Chapter

The Bank Always Loses

James Steven Rogers

in The End of Negotiable Instruments

Published in print December 2011 | ISBN: 9780199856220
Published online January 2012 | e-ISBN: 9780199919574 | DOI: http://dx.doi.org/10.1093/acprof:oso/9780199856220.003.0006
The Bank Always Loses

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Lawyers commonly assume that the bank always wins disputes over unauthorized check transactions. That assumption is backwards. The baseline rule is that banks, as the providers of the check payment system, bear the risk of loss from forgeries. The origins of the “bank always wins” notion are found in an early-twentieth century dispute about the effect of bank failure on collection of checks. Modern deposit insurance and bank regulation have rendered that dispute moot. The rhetoric produced by that dispute, however, still distorts the profession’s sense of the law on matters that remain significant. Indeed, courts have decided cases that are inexplicable but for the implicit assumption that the baseline rule is that the bank always wins.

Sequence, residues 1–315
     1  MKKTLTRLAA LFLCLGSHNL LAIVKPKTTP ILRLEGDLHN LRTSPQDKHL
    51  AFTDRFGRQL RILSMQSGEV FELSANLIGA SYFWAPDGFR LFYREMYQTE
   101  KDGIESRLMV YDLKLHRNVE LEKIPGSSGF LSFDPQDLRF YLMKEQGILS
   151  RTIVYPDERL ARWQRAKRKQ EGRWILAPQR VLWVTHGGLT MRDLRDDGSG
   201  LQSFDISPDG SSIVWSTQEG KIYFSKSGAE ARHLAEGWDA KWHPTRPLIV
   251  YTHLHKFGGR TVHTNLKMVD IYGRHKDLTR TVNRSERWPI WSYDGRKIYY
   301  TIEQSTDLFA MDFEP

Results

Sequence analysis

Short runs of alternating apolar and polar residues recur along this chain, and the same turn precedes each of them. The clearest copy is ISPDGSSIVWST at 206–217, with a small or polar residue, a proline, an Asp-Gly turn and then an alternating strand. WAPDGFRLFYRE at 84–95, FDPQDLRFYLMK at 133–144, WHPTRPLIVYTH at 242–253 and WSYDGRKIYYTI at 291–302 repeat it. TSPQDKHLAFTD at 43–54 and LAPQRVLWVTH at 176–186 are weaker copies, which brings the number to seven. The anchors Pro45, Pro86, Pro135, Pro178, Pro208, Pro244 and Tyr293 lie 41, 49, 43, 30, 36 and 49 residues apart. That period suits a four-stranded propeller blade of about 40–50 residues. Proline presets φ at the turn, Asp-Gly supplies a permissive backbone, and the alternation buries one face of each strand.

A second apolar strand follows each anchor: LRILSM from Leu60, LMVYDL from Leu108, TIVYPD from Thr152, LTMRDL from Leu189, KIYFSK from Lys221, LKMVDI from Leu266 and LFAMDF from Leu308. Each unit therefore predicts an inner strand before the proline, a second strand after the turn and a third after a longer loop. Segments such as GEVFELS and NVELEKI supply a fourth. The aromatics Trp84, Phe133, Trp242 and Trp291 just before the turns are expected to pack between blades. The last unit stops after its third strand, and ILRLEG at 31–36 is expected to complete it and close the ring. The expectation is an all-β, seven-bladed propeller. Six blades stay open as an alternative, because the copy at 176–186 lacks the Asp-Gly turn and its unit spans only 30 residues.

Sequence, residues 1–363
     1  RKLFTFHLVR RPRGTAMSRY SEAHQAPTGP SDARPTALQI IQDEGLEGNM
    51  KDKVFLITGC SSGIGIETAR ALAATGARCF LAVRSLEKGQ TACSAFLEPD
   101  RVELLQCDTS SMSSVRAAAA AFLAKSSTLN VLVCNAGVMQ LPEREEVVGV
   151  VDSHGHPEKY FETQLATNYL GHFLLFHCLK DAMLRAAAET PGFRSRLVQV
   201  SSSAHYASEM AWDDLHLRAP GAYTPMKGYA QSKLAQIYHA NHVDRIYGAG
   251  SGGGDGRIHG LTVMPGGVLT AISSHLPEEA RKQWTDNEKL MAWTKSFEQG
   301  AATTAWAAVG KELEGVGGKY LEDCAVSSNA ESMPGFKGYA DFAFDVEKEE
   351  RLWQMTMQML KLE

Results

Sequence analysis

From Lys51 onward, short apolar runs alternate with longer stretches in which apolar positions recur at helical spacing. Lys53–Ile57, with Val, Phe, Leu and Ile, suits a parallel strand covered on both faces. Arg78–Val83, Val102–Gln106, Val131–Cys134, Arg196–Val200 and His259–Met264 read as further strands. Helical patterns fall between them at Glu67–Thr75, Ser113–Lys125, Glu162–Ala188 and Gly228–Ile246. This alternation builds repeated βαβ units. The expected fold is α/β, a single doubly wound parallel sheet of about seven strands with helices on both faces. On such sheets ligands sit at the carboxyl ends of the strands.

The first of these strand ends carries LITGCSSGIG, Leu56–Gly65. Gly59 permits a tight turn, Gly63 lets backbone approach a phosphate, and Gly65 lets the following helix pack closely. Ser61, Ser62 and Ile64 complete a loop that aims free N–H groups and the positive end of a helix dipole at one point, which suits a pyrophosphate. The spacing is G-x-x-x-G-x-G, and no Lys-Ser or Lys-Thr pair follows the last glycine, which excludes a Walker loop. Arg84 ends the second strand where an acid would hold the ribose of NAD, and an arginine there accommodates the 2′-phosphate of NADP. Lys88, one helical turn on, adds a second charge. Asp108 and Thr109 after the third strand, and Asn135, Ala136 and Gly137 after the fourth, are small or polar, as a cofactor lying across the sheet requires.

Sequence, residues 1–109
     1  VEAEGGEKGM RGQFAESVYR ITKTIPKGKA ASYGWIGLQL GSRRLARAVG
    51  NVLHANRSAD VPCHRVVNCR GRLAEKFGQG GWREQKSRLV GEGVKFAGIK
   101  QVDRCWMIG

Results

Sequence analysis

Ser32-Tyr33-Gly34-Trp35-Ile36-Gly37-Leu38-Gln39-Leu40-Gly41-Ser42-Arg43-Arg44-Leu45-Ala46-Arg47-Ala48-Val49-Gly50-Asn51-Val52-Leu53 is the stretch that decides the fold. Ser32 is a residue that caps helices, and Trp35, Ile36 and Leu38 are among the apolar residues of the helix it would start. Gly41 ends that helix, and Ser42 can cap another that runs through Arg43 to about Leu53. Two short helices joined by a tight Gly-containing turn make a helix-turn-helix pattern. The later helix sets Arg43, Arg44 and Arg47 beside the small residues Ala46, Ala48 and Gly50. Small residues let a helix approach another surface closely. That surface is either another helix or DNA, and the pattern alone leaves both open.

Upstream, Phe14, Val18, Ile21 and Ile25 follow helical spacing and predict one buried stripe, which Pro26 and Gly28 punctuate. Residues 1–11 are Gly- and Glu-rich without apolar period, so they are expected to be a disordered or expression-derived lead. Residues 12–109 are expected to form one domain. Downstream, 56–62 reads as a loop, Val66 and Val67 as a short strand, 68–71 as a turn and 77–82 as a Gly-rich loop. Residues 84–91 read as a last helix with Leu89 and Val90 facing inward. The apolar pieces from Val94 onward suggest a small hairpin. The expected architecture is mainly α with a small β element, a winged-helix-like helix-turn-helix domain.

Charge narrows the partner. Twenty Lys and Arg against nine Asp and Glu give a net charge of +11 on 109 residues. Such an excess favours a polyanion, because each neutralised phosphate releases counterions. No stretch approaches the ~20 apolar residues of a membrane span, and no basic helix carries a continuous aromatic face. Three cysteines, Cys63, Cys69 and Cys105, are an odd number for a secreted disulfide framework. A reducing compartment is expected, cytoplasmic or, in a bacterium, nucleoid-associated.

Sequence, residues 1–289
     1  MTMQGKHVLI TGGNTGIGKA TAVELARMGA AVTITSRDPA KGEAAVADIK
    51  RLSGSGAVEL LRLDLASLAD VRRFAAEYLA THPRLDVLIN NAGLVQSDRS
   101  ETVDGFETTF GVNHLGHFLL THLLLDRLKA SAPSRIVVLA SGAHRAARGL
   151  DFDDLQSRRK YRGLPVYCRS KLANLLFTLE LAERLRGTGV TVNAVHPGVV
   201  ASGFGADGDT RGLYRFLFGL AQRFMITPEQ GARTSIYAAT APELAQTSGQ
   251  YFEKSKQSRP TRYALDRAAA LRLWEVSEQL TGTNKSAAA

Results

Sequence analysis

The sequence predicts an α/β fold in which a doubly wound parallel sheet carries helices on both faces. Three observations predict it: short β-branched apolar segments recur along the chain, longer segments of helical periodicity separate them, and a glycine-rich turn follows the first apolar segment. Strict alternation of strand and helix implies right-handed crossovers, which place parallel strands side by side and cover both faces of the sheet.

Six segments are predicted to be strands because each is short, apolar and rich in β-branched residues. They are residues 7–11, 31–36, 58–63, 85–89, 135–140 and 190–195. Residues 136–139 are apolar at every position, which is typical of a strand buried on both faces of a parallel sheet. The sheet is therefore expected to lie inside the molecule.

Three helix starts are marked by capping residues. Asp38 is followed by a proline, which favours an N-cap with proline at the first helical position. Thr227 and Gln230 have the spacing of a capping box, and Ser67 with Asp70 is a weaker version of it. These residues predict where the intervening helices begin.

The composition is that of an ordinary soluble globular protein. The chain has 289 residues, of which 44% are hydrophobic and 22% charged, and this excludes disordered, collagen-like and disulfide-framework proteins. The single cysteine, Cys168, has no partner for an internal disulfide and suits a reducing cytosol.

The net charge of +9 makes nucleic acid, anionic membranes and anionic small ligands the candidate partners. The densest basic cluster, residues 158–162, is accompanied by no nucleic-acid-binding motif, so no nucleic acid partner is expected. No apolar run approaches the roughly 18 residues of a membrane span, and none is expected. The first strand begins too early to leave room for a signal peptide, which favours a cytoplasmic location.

Keywords: negotiable instrument; check; anachronism; forgery; bank failure; check collection

Chapter.  11846 words.  Illustrated.

Subjects: Company and Commercial Law

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